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Thursday, April 10, 2014

the rain-rule in Cricket - BCCI adopts VJD (Jayadevan) method (no Duckworth-Lewis) !!

The T20 WC is over –Yuvi’s  21 ball struggle in the finals made him the villain – and in a week from now, IPL version 7 will be on – there is hope for turnaround for the highest paid batsman as also for many others staking claim including – Manoj Tiwary, Ambati Rayudu, Saurabh Tiwary, Cheteshwar Pujara – Virender Sehwag, Gautam Gambhir, Dinesh Karthik and more……..every IPL has thrown new players in the reckoning, though some have faded faster than they emerged.  The 2014 season of the Indian Premier League, abbreviated as IPL 7 with  Mumbai Indians being the defending champions will start on 16th Apr.  The opening 20 matches will be held in the UAE at three different stadiums in Abu Dhabi, Dubai and Sharjah with the tournament returning to India on 2 May. ~ this is no post about IPL – but something from domestic Cricket, which you most likely would not have noticed. 

When India played at Hamilton recently, Newzealand made  271 for 7 (Williamson 77, Taylor 57) in 42 overs – chasing that,   India  made 277 for 9 (Kohli 78, Dhoni 56, Southee 4-72) in 41.3 overs ~  yet Kiwis won…. ….. at end of over 41 – Indians were 275/8 … and 22 were required off 6 …. Yes, it was the field game, but one played using maths tables and calculating tools …. Culminating in NZ win by 15 runs. 

The names of Frank Duckworth & Tony Lewis are known  to every Cricket fan.  It is the rain rule or rather how scores will be calculated when it rains in the midst of a match.  Rain rules are indeed strange; the revised targets generally favour the chasers as they have the job cut out in the shortened version. The Duckworth–Lewis method (often written as D/L method) is a mathematical formulation designed to calculate the target score for the team batting second in a limited overs match interrupted by weather or other circumstances. The D/L method  devised by two English statisticians, Frank Duckworth and Tony Lewis was first used in the ICC Trophy in Malaysia in 1997 and in 1998 was applied in New Zealand, South Africa, Pakistan, India and West Indies.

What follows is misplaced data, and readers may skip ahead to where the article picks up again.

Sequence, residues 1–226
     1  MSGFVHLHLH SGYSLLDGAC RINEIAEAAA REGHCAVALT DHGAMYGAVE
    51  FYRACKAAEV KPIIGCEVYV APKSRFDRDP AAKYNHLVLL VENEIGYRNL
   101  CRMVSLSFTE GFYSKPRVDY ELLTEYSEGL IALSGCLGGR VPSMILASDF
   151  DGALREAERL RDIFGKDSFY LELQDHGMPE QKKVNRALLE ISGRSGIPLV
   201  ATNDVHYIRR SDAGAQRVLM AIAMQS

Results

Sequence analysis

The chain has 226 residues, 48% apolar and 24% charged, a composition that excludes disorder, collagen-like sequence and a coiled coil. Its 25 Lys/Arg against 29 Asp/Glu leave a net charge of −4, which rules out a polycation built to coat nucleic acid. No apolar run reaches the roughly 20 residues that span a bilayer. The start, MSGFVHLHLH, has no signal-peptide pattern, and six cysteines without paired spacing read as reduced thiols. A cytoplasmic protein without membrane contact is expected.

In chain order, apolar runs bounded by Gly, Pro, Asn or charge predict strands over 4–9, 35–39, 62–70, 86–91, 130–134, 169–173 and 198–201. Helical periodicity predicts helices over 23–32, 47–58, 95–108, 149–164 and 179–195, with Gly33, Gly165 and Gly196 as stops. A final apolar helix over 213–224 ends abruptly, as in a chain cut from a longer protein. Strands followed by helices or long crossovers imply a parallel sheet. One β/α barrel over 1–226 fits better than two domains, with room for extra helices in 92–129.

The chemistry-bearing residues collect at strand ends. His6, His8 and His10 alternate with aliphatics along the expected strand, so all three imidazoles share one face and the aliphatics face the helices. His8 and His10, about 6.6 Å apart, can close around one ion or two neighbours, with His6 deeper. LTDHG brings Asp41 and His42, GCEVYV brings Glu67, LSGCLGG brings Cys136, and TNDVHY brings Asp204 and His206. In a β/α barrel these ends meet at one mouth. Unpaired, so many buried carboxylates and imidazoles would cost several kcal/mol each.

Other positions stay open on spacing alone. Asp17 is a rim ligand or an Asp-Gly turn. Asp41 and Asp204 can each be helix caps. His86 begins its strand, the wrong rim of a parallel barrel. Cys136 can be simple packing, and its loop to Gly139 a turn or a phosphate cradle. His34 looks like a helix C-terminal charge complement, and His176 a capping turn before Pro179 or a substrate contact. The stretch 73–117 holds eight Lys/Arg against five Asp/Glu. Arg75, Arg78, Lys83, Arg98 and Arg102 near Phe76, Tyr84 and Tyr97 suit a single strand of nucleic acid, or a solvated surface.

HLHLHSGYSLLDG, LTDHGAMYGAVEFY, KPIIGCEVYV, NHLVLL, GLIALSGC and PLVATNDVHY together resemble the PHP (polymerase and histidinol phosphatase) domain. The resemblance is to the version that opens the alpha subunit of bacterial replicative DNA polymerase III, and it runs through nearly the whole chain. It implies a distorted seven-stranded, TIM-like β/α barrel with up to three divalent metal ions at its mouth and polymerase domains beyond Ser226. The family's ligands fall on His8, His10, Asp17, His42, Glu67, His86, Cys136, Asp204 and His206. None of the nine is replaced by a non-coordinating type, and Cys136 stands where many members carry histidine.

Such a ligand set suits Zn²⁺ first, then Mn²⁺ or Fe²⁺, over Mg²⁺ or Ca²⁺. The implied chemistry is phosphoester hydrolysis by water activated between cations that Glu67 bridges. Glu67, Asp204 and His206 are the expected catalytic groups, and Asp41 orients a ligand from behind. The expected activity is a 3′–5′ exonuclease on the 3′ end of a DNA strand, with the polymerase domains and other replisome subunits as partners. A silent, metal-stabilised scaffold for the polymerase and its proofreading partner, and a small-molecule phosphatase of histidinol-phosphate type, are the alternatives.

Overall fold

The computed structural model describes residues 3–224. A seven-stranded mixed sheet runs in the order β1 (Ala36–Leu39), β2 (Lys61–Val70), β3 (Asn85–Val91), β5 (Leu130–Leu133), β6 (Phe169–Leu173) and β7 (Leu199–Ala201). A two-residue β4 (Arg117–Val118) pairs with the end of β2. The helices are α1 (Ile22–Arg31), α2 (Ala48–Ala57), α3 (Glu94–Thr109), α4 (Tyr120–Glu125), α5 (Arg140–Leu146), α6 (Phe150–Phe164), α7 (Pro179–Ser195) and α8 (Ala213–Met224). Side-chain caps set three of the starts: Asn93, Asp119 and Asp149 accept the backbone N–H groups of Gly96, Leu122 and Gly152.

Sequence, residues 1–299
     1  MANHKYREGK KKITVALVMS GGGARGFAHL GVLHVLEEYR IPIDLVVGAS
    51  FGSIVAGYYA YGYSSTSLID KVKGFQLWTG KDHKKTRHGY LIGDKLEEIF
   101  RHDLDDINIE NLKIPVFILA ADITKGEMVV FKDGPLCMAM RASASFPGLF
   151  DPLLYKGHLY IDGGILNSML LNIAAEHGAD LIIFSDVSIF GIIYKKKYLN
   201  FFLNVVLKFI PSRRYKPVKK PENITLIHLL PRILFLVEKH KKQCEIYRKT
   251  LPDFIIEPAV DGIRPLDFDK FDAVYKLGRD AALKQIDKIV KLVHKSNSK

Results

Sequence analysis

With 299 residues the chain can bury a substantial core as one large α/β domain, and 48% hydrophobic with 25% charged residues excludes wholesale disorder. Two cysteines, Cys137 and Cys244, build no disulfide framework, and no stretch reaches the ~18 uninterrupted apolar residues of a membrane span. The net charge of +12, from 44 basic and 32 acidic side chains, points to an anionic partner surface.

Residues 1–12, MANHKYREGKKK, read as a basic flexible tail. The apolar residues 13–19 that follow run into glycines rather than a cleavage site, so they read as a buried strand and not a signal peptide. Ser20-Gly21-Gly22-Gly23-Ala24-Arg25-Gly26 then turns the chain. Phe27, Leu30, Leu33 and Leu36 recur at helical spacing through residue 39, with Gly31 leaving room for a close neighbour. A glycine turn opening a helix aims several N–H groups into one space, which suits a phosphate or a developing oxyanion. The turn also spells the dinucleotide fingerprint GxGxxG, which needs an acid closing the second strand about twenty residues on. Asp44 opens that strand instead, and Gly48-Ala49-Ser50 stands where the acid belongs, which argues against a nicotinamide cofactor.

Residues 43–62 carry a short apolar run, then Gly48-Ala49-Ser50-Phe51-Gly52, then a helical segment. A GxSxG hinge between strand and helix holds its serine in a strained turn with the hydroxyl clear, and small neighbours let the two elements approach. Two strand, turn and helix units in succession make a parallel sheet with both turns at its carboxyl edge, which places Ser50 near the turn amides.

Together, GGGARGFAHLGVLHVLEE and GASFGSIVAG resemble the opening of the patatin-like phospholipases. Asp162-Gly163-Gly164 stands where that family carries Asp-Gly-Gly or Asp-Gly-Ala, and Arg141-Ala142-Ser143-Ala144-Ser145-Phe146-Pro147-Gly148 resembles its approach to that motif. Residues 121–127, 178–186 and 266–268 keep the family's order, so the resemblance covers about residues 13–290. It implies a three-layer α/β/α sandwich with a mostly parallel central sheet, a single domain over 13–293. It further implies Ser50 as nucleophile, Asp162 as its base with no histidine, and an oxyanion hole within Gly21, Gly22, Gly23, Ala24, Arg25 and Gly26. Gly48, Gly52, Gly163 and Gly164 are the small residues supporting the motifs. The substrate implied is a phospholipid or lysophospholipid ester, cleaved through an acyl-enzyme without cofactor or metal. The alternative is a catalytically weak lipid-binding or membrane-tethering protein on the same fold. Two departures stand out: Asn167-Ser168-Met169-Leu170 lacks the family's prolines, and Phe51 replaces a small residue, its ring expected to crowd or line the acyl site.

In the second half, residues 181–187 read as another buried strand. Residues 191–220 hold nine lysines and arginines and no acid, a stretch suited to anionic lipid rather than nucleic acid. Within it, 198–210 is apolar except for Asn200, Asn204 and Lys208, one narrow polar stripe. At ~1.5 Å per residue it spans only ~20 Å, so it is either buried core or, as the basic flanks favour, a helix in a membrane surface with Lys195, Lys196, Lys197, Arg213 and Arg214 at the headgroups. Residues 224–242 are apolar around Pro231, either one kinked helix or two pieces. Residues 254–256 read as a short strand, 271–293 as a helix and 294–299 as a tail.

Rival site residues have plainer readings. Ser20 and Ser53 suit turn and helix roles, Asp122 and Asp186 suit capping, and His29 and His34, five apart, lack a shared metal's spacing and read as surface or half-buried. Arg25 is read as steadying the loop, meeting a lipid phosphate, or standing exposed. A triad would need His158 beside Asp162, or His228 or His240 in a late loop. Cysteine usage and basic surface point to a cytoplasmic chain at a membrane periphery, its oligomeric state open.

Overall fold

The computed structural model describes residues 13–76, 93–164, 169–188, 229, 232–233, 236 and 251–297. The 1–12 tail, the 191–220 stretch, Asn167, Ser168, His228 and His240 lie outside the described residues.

The previous rain-rule was even worser …. On  22nd Mar 1992  - SA  which had defeated Australia, West Indies, Pakistan, India and Zimbabwe were chasing  253 – rain  interrupted play for 12 minutes with South Africa 231/6 off 42.5 overs and the over limit was reduced to 43 overs with the target reduced by 1 to 252. So suddenly when it rained, the target became 21 off a single delivery….. !!!!


Without getting into more statistics, for sure, the fans would love the game being decided on the field and not by the mathematicians – more than a decade ago, V Jayadevan, an engineer from Kerala had prescribed another version taking into account the statistics from the games played in the past. This was adopted in the rebel Indian Cricket League. At the time of heavy International Cricket (Asia Cup & T20 WC), with IPL due, not many would have read about Goa pulling off a 7 wicket win over Tamil Nadu in Mushtaq Ali T20 South zone tourney at Vizag.  For long, only Karnataka and to a lesser extent Tamil Nadu and Hyderabad – dominated the South Zone – Andhra, Kerala and later addition of Goa were ‘also rans’.    On April 2, Goa moved to the top of South Zone table  with their 2nd win two matches beating last year runner-up Kerala by two runs in the Y S Rajasekhara Reddy-ACA-VDCA Cricket Stadium here today.    At at Dr PVG Raju ACA Sports Complex, Vizianagaram (reading such Stadium names, sad that Cricket in Tamil Nadu is not beyond Chepauk – why not have matches at Tirunelveli, Trichy, Madurai !) – Tamilnadu beat Andhra by 32 runs …………. in a match decided by rain rule.